Back in December, a free soil man in the company of the subsequently murdered Reese Brown took part in defending the free state polls at Leavenworth. Just across the Missouri from town, the border ruffians got together for another filibustering. They couldn’t leave the proslavery Kansans to have all the fun, after all. Alas, the ferry remained docked on the Kansas side until someone cut it loose and sunk it. At the end of April, a proslavery man found our nameless protagonist and blamed him for that. He tried, at knife point, to make an arrest. Such an arrest had ended with Reese Brown dead back in January. The unknown free stater may have liked and admired Brown, but declined to follow that particular example. Instead he drew his pistol and ordered the proslavery man to let go of his horse or catch a bullet to the face.
Having brought a knife to a gunfight, the proslavery man delivered some threats and let go. The anonymous -to us, but probably not to the Herald of Freedom- antislavery Kansan went on and completed his business in Leavenworth. Around sundown, he started for his home. He didn’t get far before coming to a ravine. There,
he was overtaken by eight or ten men on horseback, led on by the Ruffian. They made him halt, took his arms from him, hit him with their whips, flourished their hatchets over his head, and threatened to hang him on the first tree they came to.
Cooler heads prevailed over all that, with the group settling for incarceration in advance of a trial for larceny. Our hero had stolen the ferry boat and he ought to answer for it, now that the boys had some fun with their whips. They jailed him “in an isolated place near Delaware” toward midnight. Durance vile lasted through the day, when it seems that no one bothered to see to the prisoner’s needs. The next night, the antislavery man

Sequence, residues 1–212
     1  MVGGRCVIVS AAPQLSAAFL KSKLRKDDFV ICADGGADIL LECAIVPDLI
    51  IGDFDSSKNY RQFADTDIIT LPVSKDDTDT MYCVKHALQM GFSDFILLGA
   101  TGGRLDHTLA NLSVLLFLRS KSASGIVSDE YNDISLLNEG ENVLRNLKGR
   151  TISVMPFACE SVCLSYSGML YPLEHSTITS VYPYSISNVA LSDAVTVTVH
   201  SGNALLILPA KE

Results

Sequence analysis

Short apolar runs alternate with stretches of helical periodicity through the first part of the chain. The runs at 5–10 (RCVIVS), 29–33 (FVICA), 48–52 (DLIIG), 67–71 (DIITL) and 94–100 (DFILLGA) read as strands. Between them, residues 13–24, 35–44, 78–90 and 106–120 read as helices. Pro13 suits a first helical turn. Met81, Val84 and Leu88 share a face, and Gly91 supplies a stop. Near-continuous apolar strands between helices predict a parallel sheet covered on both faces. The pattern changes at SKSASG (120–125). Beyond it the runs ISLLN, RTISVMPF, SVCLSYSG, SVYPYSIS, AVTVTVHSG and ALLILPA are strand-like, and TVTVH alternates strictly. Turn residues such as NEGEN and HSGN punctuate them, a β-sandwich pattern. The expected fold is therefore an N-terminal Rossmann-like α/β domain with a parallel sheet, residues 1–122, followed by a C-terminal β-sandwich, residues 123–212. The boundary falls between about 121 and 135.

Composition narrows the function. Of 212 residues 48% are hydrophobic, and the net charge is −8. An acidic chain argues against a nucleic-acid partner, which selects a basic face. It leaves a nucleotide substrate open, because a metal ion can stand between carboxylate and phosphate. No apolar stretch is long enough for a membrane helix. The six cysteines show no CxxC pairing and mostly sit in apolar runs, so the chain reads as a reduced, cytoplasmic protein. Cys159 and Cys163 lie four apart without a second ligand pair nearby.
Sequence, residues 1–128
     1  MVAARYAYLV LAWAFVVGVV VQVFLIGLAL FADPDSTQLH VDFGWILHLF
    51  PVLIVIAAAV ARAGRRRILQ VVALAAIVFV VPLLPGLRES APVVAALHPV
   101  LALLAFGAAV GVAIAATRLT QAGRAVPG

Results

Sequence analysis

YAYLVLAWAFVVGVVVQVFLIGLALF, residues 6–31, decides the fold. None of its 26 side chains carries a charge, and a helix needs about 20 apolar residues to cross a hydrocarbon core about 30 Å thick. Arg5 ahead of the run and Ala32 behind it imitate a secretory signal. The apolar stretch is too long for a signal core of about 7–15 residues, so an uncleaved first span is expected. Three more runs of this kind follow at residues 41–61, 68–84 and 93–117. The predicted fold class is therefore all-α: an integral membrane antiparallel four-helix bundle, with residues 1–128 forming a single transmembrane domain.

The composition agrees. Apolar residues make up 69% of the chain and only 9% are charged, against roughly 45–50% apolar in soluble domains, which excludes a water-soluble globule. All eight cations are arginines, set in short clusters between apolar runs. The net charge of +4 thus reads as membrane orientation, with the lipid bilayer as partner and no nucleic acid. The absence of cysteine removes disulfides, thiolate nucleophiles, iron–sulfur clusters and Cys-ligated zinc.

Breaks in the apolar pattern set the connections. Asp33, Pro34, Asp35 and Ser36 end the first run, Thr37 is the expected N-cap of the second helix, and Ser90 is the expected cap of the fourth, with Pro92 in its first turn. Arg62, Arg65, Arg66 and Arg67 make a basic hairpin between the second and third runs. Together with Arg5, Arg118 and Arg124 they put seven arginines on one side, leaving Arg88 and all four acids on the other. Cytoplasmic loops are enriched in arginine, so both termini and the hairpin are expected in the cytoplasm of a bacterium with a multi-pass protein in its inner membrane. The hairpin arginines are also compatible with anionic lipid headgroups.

heard a key turn in his door, and footfalls outside the house. he waited some fifteen minutes, and then went to the door, which he found open. Walking out on the prairie, he heard his horse neigh in a clump of trees some distance off and immediately went to him. He found his horse, saddle-bags, and overcoat covered with mud, and soaked through and through.
One doesn’t look a getaway horse in the teeth; our hero mounted up and got out of there before someone had second thoughts.
This all sounds a bit too neat, and I suspect the details benefit from some embroidery in the editorial office, but plausible all the same. The escape raises more questions to me than the capture, but both fit the range of proslavery behavior. Even angry mobs bent on murder sometimes had leaders who would let the victim off with some painful humiliation rather than a murder. Pardee Butler faced men who wanted him dead twice and survived it both times. Furthermore, a group of men with their blood up might talk themselves into something that none of them would do alone. One of Nameless’ captors may have had second thoughts. The proslavery men might even have imposed on a settler who agreed with their politics but didn’t want the risk of getting so personally involved. In any event, letting him go through subterfuge offered a face-saving way to resolve the situation without further violence.